·       Love & Belonging (friendship, family, sexual intimacy)

·       Esteem (self-esteem, confidence, achievement, respect of others, respect by others)

·       Knowledge & Understanding (cognitive need to understand one’s surrounding environment)

·       Aesthetics & Beauty (need to appreciate and search for beauty, balance, form)

·       Self-Actualization (morality, creativity, problem-solving, no prejudice, acceptance of facts)

·       Transcendence (need for helping others self-actuate)

To best understand your own needs, it can be helpful to look at these categories and write down or imagine what it looks like to have your needs fulfilled in each area.  This will be unique for each person, reflective of our individual life experiences.  Once you have a clearer picture of what you need to feel your strongest and best Self, and most present in life, you can then determine which needs might be autonomically met, and which needs require you to put forward more effort. 

Taking this inventory is intended to give you information and insight to support your self-growth, letting go of judgment or expectation, and perhaps offering you guidance for how to feel more present.  As you do this work, let the answers to these questions come from within yourself, not someone else’s perception of your needs; no one else can paint a picture of fulfillment for you.  And if you recognize a need isn’t met now, that doesn’t mean it won’t ever be fulfilled.  You may find you need others to contribute to having your needs met, but remember it’s not incumbent on anyone else to fulfill them for you, nor should you feel responsible for fulfilling someone else’s needs (aside from being a caregiver). 


When you recognize you need help from someone to fulfill your needs, you may be presented with the great dilemma of modern day: asking for what you need.  So often, we are conditioned to be overly self-sufficient, feeling we must do everything independently and portraying an image of being self-reliant.  To ask for help is not a weakness.  Rather, it is an incredible strength to understand when you need help, input, feedback or resources from beyond your capabilities.  Acknowledging this is a keen awareness and knowing of yourself, giving you space to take action.  To have your needs met, you may seek support or additional resources, such as more education, additional tools, friends or family to help with household needs (especially if you’re a caregiver), supplemental income, time for self-care, or perhaps working with a therapist to talk through chronically unmet needs.  When you can operate from a better place of knowing, you give yourself power to make different choices.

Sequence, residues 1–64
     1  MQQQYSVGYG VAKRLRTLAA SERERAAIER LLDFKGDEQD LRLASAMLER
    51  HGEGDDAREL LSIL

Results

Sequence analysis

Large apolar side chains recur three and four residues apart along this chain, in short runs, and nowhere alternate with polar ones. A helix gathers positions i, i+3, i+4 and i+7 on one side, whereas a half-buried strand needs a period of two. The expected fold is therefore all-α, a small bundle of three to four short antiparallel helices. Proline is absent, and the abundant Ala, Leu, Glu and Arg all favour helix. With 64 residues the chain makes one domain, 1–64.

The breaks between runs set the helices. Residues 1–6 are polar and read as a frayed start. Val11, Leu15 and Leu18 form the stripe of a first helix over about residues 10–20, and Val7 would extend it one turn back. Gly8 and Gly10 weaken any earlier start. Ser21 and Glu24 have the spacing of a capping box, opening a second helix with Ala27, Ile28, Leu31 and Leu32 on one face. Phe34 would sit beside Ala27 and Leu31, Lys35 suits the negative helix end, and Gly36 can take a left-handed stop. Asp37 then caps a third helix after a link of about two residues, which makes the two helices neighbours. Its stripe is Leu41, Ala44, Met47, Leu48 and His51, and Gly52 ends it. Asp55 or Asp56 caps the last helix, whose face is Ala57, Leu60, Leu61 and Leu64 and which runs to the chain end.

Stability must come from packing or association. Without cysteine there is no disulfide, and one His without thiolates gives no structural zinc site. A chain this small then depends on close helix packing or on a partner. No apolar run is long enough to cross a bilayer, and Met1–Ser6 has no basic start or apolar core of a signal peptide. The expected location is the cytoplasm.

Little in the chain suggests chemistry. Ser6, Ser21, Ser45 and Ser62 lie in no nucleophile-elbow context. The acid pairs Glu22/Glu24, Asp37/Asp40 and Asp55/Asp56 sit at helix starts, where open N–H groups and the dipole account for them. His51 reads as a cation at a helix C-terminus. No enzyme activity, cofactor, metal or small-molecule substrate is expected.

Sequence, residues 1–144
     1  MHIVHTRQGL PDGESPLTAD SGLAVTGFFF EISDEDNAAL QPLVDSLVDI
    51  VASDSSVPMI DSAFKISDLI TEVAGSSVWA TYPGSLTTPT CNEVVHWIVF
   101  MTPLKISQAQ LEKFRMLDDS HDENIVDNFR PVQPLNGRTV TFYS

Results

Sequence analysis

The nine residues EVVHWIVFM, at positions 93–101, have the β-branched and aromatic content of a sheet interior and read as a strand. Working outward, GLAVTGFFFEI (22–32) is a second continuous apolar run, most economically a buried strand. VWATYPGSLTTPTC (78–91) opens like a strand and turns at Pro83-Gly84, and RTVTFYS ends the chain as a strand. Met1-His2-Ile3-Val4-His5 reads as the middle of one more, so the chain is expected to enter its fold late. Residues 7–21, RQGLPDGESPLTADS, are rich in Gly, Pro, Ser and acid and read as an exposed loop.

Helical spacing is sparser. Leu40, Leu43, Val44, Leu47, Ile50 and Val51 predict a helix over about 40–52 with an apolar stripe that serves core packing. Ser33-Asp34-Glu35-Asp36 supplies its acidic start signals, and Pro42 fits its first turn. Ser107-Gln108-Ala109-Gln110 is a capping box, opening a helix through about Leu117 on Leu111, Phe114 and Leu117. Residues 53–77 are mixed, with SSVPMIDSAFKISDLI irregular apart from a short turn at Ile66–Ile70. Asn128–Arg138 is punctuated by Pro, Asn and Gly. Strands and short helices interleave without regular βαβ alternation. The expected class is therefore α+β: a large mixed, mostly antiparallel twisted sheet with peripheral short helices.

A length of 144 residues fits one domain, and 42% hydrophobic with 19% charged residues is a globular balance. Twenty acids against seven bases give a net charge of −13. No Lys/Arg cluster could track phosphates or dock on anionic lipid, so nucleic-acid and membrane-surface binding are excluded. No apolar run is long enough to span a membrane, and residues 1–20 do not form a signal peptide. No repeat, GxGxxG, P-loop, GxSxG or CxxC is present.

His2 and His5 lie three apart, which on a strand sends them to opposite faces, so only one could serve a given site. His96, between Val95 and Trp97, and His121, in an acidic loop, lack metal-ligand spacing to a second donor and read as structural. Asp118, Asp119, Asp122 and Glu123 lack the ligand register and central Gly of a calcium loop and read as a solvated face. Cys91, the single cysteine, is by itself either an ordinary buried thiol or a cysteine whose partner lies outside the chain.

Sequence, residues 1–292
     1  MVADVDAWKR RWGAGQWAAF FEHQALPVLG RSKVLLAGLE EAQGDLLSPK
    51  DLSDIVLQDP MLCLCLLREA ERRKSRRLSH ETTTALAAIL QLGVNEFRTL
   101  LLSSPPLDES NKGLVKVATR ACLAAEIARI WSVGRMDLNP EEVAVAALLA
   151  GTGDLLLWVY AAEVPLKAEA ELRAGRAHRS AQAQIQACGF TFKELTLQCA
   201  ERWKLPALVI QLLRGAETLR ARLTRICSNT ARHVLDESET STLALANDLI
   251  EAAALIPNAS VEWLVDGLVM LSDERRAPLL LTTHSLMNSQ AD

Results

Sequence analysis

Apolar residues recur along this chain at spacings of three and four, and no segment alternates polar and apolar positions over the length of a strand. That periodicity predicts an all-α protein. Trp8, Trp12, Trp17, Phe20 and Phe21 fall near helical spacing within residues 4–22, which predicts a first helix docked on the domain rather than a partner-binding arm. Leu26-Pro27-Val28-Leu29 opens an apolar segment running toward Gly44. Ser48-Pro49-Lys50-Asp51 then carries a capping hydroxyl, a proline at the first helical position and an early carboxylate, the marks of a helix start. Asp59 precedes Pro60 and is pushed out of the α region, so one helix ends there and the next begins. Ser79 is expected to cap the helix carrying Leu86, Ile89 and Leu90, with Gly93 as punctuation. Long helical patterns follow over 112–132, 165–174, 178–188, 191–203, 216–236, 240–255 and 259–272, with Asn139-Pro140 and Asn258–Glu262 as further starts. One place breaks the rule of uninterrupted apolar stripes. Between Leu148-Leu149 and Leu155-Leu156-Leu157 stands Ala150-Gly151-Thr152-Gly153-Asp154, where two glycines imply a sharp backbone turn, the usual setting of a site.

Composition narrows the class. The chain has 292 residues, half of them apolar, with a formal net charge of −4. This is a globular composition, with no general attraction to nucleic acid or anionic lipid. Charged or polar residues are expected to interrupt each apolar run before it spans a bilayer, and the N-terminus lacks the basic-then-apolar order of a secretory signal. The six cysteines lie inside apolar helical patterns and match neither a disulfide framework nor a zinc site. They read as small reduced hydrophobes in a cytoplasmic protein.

Taking a look at your needs is insightful and can help you identify where you may be relying on others, carrying someone else’s needs, or where you can take back responsibility to have your needs met.  This is brave, as it often reveals truths about yourself that maybe you ignored or hadn’t previously understood.  Having a support network and available resources is important as you dive into taking inventory of your needs, noting what’s in flow and fulfillment, and where you may need to put more energy or ask for help.  And while you don’t want to turn the fulfillment of your needs into someone else’s responsibility, sometimes your needs can’t be met without including others.  Think about the need for love and belonging: it’s pretty hard to feel loved and to give love without having people in your life to share it with.  Other needs are best met from within, such as shedding reliance on external validation to feel confidence in yourself.  As you work with your needs, remember to hold space for curiosity and greater understanding, releasing criticism and judgment for what is or isn’t.  Better understanding your needs can help you set a stronger foundation, or be a springboard for making change, so that you can live your most fulfilled life and be more present for others.


By Jennifer Rizza, Founder of Newtown Wellness Collective, Personal Growth Coach & Mentor, Reiki Master, Yoga Teacher


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* (Farberova, Anna. (2019). Understanding the Impact of Lean Production Implementation on Employee Perceptions and Their Well-Being in North American Commuter Rail Manufacturing Plants. SSRN Electronic Journal. 10.2139/ssrn.3479990.)